South Central Los Angeles is known infamously as ground zero for the 1992 Los Angeles civil unrest. But today, in this low-income, predominantly Latino and African American community, one California charter school is making a different kind of history.
The Accelerated School serves an area where unemployment is high, gang violence is common, and students at nearby schools have some of the lowest test scores in the country. Yet this 12-year-old public school is proving to be a model of educational excellence. Not only has it raised the academic achievement of children who come from highly disadvantaged backgrounds, it has created a community-wide commitment to top-quality education and, in doing so, is helping transform South Central Los Angeles.
This success is due in large part to the vision and tenacity of its two founders and co-directors: Kevin Sved and Johnathan Williams.
Young and idealistic, these former Los Angeles Unified School District teachers conceived of a school that would combine the best aspects of two models: the community and parent participation of charter schools with the high expectations of an accelerated learning program, where every student is treated as gifted and expected to succeed.
Sved and Williams opened The Accelerated School in 1994 with 50 students in grades K-4, using space rented from a Catholic church. There, every Friday, parents had to pack up the school equipment and store it in closets so that the space could be used for church services.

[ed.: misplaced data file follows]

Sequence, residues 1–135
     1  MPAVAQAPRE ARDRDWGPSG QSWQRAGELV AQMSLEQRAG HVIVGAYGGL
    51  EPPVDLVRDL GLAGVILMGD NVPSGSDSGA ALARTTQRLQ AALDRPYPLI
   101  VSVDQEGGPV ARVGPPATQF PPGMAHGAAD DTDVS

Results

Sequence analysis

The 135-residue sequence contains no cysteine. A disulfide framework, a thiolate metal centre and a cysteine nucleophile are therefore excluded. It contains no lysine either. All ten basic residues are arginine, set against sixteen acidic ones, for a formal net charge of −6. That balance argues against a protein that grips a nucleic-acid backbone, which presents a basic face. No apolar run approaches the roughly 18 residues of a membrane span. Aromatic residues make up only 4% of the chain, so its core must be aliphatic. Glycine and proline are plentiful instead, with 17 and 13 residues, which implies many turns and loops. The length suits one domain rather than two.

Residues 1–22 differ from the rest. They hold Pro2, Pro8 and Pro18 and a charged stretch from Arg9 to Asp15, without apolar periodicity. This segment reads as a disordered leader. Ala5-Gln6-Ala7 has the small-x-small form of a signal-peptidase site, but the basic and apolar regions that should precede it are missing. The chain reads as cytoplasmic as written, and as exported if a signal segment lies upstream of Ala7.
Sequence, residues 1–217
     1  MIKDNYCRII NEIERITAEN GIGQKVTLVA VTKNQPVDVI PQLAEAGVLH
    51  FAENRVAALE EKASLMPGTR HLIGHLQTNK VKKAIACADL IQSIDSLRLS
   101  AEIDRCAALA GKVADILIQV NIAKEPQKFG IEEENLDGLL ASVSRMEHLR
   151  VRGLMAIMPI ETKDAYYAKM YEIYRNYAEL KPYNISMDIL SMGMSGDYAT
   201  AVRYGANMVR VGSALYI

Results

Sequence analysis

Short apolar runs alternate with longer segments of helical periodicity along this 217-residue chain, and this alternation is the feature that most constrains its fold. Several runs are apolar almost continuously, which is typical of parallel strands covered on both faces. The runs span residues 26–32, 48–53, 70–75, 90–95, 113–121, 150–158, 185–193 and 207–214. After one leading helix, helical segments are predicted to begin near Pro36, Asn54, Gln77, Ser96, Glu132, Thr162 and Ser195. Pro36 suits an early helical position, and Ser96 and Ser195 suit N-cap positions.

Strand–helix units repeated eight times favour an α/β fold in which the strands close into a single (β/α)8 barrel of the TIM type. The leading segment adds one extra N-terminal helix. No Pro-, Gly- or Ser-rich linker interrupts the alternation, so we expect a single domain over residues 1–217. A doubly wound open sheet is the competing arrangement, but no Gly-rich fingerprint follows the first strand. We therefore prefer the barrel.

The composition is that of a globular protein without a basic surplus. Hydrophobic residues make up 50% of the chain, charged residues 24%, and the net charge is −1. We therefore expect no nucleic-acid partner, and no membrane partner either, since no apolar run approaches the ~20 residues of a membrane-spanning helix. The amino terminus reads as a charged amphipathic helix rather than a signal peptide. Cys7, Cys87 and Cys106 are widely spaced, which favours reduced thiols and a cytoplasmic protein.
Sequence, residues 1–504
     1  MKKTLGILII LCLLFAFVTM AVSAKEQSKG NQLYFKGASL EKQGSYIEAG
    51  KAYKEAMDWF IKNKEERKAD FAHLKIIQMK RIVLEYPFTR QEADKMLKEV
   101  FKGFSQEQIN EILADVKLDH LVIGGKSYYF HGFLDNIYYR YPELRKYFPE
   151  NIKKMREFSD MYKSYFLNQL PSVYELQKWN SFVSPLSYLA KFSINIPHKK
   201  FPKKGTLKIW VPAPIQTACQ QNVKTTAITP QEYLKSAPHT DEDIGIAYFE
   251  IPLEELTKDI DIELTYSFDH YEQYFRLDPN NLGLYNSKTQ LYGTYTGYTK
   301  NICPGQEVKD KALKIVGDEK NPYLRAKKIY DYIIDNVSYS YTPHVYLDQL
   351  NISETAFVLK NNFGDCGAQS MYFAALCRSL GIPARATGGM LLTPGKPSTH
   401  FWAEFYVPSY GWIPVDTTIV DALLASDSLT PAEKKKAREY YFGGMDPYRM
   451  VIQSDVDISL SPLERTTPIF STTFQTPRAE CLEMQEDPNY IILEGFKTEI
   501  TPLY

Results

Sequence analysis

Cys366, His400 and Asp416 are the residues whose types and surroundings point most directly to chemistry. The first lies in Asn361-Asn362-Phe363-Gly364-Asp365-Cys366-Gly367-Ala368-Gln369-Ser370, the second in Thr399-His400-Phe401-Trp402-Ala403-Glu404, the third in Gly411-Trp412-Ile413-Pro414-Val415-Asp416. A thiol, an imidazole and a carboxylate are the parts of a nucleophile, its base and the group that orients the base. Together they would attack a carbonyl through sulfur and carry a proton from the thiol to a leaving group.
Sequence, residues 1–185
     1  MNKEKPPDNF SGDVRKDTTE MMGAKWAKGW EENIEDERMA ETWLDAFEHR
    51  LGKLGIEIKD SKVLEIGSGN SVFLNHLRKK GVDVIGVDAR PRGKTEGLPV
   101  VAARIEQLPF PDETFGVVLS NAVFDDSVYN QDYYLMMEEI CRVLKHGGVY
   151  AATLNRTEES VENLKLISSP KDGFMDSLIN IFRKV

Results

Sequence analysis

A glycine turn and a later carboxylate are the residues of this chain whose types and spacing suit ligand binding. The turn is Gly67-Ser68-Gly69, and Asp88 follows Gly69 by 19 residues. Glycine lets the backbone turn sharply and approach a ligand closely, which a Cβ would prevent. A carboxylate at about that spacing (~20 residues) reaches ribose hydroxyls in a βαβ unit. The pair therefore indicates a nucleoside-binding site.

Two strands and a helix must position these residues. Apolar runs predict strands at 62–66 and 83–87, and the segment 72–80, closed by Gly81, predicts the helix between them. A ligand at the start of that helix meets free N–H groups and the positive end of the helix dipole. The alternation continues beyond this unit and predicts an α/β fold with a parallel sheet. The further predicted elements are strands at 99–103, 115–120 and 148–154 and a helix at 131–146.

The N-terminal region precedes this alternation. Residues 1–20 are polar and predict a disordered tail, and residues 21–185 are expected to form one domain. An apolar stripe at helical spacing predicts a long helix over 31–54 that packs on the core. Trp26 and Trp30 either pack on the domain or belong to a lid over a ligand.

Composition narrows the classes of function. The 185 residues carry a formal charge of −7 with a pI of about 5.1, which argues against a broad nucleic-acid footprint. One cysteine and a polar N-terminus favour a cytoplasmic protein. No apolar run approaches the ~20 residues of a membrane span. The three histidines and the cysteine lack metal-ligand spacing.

Today, the school is located on a donated, four-acre campus lined with palm trees and modern buildings. The school has expanded to 1,100 students in pre-kindergarten through high school. And still the school can’t keep up with demand from the community: the waiting list is more than 4,000 students.
“It’s the system that fails the kids by labeling them and not challenging them in ways that motivate and excite them,” says Sved.
Parent involvement has proved to be a key to the school’s success. Parents commit to volunteer at the school for at least three hours each month, and have become involved in every aspect of the school’s operations.
It’s the system that fails the kids by labeling them and not challenging them in ways that motivate and excite them.
The Accelerated School selects students by lottery and has never screened incoming students academically. Yet, during the last decade, academic performance has improved at a remarkable rate. Standardized test scores have doubled since 1997, one of the largest improvements by any California charter school.
Sved and Williams are taking advantage of the school’s success to provide other services to local residents, including a health center, adult education, a community garden, and a library. In doing so, they are helping to transform not only the future of their students but the community in which they live.
“Our vision was for our children to be ready to go to college,” explains Williams. “We had to sell the idea here that their kids can succeed and have a future.”
For their vision and tenacity in building The Accelerated School into a model of educational excellence, Kevin Sved and Johnathan Williams are recipients of the 2006 James Irvine Foundation Leadership Award.
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